Membranoproliferative glomerulonephritis is a kidney disorder that involves inflammation and changes to kidney cells. It may lead to kidney problems.
Membranoproliferative GN I; Membranoproliferative GN II; Mesangiocapillary glomerulonephritis; Membranoproliferative glomerulonephritis; Lobular GN; Glomerulonephritis - membranoproliferative; MPGN type I; MPGN type II
Causes, incidence, and risk factors
Glomerulonephritis is inflammation of the glomeruli. These structures of the kidney help filter wastes and fluids from the blood to form urine.
Membranoproliferative GN is a form of glomerulonephritis caused by an abnormal immune response. Deposits of antibodies build up in a part of the kidneys called the glomerular basement membrane. This membrane helps filter wastes and extra fluid from the blood.
Damage to this membrane affects the body's ability to create urine normally. It may allow blood and protein to leak into the urine. Fluid may leak out of the blood vessels into body tissues, leading to swelling (edema). Nitrogen waste products may also build up in the blood (azotemia).
There are two forms of membranoproliferative GN:
Membranoproliferative GN I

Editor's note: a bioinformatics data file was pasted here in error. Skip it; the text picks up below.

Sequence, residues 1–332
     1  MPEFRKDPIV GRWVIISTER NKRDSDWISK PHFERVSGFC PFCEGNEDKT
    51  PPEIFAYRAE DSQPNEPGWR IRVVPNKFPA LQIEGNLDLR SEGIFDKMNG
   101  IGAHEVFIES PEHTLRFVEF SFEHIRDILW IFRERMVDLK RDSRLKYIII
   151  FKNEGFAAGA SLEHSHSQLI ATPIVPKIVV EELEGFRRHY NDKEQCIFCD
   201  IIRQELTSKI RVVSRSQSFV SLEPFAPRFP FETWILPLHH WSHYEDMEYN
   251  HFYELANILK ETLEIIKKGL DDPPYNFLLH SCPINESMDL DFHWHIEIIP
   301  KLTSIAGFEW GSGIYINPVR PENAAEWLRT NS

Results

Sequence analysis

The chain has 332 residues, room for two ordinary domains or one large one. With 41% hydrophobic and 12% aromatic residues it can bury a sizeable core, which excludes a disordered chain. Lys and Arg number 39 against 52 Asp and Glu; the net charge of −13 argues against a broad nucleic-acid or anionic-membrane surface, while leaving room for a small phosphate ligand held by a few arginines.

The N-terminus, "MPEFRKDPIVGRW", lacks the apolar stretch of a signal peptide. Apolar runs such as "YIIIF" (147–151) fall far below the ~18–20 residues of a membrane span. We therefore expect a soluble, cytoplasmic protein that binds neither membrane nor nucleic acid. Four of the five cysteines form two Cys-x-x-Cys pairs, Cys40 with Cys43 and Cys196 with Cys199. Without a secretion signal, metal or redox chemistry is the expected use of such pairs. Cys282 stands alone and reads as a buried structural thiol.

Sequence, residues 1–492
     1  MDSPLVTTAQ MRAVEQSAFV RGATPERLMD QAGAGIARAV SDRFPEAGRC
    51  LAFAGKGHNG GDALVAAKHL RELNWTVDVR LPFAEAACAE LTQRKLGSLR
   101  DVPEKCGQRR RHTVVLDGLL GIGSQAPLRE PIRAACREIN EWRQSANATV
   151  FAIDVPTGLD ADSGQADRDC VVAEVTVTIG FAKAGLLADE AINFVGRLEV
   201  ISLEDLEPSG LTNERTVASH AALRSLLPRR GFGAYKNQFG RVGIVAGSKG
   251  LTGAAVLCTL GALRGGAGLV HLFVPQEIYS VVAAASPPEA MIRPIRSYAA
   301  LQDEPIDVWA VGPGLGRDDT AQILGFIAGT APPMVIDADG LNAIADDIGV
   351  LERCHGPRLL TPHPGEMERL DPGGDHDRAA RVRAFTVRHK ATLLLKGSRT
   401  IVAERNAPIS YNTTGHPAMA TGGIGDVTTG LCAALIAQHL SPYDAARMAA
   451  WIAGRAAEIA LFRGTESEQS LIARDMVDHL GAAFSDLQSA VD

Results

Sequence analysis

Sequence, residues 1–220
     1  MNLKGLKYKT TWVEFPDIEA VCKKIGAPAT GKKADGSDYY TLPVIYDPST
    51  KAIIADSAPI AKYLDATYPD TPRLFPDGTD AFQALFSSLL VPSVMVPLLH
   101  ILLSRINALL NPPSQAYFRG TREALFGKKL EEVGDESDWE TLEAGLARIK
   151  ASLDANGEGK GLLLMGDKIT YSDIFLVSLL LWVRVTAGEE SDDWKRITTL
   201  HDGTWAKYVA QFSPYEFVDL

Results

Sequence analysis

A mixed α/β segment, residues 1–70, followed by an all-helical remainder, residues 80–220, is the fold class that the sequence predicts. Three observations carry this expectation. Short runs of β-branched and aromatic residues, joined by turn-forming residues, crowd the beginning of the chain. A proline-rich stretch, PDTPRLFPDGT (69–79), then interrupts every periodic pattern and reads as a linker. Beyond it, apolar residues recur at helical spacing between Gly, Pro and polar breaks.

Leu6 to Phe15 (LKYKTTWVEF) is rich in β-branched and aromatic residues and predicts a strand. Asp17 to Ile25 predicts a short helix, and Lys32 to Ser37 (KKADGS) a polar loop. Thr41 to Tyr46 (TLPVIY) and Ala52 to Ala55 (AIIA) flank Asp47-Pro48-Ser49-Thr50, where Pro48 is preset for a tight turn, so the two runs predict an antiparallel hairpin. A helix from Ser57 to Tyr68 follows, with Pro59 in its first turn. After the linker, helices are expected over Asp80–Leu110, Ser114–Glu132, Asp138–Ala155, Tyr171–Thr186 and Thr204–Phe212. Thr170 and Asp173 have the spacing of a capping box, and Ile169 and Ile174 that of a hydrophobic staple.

Membranoproliferative GN II
Most people with the disease have type I. Membranoproliferative GN II is much less common. It also tends to get worse faster than membranoproliferative GN I.
Many cases of membranoproliferative GN are due to causes such as:
The results of a physical examination depend on the symptoms. There may be swelling (usually in the legs), along with other signs of fluid overload, such as abnormal sounds when listening to the heart and lungs with a stethoscope.
Blood pressure is often high because of increased water and sodium (salt) retention and increased production of renin, a hormone that controls blood pressure.
David C. Dugdale, III, MD, Professor of Medicine, Division of General Medicine, Department of Medicine, University of Washington School of Medicine; and Herbert Y Lin, MD, PhD, Nephrologist, Massachusetts General Hospital; Associate Professor of Medicine, Harvard Medical School. Also reviewed by David Zieve, MD, MHA, Medical Director, A.D.A.M., Inc.